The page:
The summit of Mt. Ngauruhoe provides a stunning panorama of the crossing, its volcanic pools dotting the landscape like translucent puddles, the clouds gliding over the plains like wistful guardians, the Neapolitan strips of farmland leaning endlessly into the horizon. It's breathtaking. Turn and peer into the massive cranial summit crater, which looks as vast and unforgiving as you’d expect from the top of Mt. Doom.
After I ate some lunch and tossed my metaphorical ring into the crater, I took a few pictures to prove I was foolish enough to climb this mountain and started back down, exhausted, but happy to have completed the task at hand. Somehow, I had managed to condense the entire plot of Lord of the Rings into a single day. I left the Shire the day before at 4pm and made the summit of mountain by 2:00 pm the next day. Eat your heart out, Frodo.
But the fun was not over yet. The mountain is so steep that the endorsed method of descending is to literally plant your feet and slide down these lightly channeled paths of rock and scree. Most of the time when you see someone unstably boot skiing down a mountain, you remind yourself to not follow any part of that soon to be seriously injured climber’s route. But in this case, it is the way to go. There are no easy outs on Mt. Doom. Much in the same way that there are no pleasant means to make your way up this mountain, there are no pleasant means of descending either. Everything must be terrible. By the time you hit level ground again, your boots with be so filled with rocks, they cease cutting into your ankles and congeal into a solid mass rock liner, becoming more of a quiet discomfort than any sharp jarring pain.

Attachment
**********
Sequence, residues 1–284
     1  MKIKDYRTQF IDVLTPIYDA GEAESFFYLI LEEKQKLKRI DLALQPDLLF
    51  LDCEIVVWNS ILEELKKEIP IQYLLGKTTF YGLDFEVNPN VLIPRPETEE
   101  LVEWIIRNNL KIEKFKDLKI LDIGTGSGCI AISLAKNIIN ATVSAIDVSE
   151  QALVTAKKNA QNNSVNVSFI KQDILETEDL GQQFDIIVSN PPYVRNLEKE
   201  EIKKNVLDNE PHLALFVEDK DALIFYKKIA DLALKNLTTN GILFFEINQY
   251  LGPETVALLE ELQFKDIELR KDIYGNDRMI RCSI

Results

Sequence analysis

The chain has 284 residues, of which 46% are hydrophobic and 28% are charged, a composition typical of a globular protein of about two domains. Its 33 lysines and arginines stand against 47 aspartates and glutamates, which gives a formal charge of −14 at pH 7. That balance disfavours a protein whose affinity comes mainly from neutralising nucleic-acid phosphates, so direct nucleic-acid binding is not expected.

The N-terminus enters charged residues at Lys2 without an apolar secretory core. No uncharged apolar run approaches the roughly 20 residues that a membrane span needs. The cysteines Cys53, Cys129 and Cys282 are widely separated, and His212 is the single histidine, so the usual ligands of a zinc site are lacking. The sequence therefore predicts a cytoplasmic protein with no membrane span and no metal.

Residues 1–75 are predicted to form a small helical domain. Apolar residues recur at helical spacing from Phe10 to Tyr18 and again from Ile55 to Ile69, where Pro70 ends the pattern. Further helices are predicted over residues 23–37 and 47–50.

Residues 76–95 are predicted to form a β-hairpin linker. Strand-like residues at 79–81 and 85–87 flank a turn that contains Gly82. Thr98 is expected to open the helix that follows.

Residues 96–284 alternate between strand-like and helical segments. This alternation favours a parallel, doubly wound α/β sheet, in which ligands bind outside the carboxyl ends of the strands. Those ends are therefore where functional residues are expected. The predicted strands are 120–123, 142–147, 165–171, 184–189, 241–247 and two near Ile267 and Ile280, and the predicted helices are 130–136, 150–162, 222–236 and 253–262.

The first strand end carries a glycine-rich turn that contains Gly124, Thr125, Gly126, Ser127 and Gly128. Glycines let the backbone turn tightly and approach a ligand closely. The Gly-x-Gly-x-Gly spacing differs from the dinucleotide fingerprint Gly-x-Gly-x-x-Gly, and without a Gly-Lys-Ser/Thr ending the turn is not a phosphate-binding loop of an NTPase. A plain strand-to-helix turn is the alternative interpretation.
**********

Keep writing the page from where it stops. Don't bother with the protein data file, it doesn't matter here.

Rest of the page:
After you have completed your descent, make your way back to the trail split and pay close attention to retrace your path back toward the Mangatepopo Car Park. Do not proceed to the right and continue on the Alpine Crossing trail. It does not loop around to the Mangatepopo Car Park and you will find yourself stranded in another carpark, at the mercy of tour bus operators who may take pity on you and shuttle you back to your car back at Mangatepopo. I managed to finally hobble back to my beater rental in just under six hours total for the trip. All and all, it was a difficult but rewarding hike. Definitely one for the books.
Next. A quick stop in Waitomo to see the glow worm caves and then onto the south island where Christchurch and Mt. Cook await.
Mt. Doom Trip schedule:
Left car: 10:15 am
Reached turnoff for Mt. Ngauruhoe summit: 11:50 am
Summited Mt. Ngauruhoe: 1:50pm
Summit turnaround: 2:00 pm
Boot skied back to trail turnoff: 2:50 pm
Back at car: 4:00 pm
Getting there: Mangatepopo Car Park. The car park is often filled with hikers attempting the crossing, so you may have to improvise parking on the gravel road leading up to the carpark by using one of the cone designated makeshift shoulders. Prepare yourself for the possibility of adding anywhere from a quarter mile to a half mile walk to your trekking plans. After locating parking, you will follow the Tongariro Crossing for about two hours, after which you are given the opportunity to split from the crossing to take on Mt. Ngauruhoe. The signage for this trail is very thorough, so as long as you pay close attention, it should be a relatively intuitive route.
- Listening to the LOTR soundtrack while climbing Mt. Doom is the way to go. Howard Shore put on a masterclass with that soundtrack.
- Staying at the Plateau Lodge National Park Village before my Mt. Doom run was one of my favorite accommodations on the trip. It's nothing extravagant, just a small family run lodge with paper thin walls, the best Kiwi accents around and a great community kitchen, but I got to hop in a hot tub and soak my butchered feet when i got there, so it gets a glowing recommendation from me.
- One does not simply walk into Mordor. They drive two to three hours from Hobbiton to get there. Just in case you were wondering.